Until I read this book, I always thought the sci-fi genre was not for me because I find stories about faraway space aliens difficult to chew. This book is so solidly grounded in the black female experience that it feels almost surreal, a wholesome experience. I thank Butler for introducing me to Afrofuturism.
I like making, crafting, and reading design and technology books.
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I'm a big fan of Ms. Marvel and wanted to give the book a shot. The book is a cyberpunk fantasy adventure novel with encryption and hacking themes in an Islamic/Hinduism context. Typically, most cyberpunk novels are written by men in a western context, making it hard to relate. This book speaks to my Indian background and gives me a charged reading experience full of gusto and feel. I quite like the interdisciplinary linkages to languages, scripts, and artificial intelligence.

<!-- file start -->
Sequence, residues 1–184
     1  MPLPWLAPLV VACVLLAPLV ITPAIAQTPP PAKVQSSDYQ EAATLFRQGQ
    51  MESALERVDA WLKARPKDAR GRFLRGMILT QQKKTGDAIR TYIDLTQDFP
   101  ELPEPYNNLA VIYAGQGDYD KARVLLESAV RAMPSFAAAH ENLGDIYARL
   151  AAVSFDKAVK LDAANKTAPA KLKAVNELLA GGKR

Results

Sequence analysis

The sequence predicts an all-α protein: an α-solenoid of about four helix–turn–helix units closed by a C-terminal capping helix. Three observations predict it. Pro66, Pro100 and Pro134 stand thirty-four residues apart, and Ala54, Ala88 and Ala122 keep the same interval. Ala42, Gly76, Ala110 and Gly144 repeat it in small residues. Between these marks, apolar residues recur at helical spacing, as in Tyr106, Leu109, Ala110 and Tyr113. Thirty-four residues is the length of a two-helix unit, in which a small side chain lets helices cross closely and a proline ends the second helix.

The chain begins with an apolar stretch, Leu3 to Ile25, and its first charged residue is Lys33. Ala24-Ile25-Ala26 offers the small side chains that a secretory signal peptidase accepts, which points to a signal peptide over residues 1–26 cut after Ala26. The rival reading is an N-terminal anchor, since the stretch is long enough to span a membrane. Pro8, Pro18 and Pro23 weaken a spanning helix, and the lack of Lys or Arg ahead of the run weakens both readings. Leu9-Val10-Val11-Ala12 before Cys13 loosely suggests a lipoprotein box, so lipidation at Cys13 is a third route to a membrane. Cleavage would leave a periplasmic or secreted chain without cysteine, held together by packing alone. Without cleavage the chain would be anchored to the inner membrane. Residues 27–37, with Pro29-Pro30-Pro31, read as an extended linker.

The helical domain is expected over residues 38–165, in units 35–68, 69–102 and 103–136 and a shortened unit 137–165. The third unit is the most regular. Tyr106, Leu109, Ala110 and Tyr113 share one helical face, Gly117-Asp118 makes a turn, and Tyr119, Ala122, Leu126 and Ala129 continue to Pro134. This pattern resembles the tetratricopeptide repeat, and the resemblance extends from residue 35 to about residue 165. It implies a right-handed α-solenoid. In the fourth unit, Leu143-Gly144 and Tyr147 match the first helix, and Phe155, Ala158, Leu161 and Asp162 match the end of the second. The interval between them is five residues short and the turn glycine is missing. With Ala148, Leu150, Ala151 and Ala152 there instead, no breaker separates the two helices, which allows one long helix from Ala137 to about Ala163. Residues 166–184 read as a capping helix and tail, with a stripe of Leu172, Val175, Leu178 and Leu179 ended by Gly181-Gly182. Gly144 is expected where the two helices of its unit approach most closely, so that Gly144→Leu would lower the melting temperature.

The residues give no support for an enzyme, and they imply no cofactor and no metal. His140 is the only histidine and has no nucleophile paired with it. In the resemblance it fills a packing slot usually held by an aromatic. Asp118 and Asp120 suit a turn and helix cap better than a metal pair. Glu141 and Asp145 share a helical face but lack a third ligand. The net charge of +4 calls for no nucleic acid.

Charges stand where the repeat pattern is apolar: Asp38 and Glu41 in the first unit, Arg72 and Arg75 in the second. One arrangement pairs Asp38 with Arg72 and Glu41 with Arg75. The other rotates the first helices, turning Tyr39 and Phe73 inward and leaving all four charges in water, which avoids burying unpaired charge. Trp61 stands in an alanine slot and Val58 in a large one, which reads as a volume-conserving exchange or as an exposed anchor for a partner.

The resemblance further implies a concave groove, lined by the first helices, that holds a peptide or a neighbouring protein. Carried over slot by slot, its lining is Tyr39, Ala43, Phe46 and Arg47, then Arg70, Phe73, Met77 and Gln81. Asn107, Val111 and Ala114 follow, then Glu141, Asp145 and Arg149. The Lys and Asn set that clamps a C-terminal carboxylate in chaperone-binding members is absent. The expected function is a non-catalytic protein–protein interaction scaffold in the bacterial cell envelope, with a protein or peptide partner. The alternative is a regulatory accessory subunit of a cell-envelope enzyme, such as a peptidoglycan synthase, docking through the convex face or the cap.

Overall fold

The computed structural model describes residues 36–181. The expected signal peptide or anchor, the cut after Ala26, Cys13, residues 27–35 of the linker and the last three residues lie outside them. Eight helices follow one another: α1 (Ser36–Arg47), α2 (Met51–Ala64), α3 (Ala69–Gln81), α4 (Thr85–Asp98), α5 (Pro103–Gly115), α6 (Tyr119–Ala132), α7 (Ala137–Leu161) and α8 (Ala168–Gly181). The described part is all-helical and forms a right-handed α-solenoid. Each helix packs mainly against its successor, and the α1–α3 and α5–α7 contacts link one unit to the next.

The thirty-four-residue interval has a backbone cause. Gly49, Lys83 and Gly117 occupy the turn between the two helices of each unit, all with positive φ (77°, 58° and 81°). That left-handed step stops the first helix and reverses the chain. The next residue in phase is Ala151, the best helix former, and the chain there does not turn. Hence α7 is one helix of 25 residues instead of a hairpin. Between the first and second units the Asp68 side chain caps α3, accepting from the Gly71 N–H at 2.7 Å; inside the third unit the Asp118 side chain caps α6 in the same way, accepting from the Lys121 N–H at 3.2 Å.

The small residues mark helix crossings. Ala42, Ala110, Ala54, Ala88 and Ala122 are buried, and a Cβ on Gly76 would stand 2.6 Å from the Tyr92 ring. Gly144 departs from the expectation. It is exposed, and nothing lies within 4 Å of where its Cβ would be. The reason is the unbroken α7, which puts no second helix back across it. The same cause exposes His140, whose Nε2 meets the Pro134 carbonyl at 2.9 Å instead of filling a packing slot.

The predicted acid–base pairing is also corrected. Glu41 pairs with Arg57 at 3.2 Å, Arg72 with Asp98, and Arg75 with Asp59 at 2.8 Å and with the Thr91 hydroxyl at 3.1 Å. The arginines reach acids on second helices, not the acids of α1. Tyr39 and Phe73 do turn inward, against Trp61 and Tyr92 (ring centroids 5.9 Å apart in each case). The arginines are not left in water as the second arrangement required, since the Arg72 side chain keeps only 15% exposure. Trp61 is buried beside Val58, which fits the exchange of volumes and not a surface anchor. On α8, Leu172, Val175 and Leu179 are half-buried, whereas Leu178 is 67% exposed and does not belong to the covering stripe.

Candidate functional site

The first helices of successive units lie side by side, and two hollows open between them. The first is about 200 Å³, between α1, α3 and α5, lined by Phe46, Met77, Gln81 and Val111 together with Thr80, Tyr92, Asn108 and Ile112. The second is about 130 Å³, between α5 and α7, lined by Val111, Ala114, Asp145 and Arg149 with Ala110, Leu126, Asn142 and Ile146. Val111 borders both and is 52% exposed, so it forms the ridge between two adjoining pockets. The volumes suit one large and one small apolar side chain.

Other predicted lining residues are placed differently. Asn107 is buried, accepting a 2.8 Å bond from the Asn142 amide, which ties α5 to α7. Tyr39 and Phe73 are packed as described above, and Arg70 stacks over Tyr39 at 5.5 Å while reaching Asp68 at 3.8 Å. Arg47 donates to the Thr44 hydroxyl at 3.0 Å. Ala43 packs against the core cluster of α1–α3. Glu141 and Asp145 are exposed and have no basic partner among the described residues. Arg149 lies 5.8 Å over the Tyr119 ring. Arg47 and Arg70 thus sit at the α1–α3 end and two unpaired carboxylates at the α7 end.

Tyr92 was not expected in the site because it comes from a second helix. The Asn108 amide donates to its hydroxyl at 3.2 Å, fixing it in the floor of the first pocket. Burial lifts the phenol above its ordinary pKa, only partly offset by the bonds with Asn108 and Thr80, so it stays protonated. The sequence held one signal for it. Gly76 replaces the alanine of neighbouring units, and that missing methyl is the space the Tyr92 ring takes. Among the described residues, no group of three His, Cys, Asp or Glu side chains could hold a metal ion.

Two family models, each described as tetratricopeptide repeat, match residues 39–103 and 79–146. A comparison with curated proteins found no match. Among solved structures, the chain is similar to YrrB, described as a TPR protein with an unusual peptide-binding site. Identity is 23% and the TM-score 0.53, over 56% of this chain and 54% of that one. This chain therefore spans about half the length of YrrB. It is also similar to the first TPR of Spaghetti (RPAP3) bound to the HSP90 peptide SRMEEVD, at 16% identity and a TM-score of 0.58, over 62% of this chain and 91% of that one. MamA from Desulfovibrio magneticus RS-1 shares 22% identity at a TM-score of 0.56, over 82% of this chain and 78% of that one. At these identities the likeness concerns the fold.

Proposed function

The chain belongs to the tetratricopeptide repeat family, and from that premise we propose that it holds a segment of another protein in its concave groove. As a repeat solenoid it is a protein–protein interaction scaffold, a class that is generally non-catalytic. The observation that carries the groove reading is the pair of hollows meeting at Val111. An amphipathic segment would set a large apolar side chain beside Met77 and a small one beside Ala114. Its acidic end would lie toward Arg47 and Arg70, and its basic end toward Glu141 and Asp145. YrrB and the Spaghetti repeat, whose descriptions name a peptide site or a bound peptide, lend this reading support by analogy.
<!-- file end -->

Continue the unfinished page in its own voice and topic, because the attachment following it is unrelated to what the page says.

I read this book in one sitting from start to finish on Christmas day with hot tea and a blanket. It is precisely what I needed for some relaxation and escape. The book is about breaking patterns, dealing with boredom, trying new things, failing and grappling with what it means to be human - all told through the story between sibling dex, a tea monk and a funny robot named mosscap.
I didn't know stitch dictionaries existed until I stumbled upon this book during a black Friday sale in a Muji store in Helsinki, Finland. How random! I'm really happy I bought it because it fulfils my cravings for pretty crochet swatches while learning a new stitch each time. It doesn't take long either and does wonders for my mental health after a tiring day at work.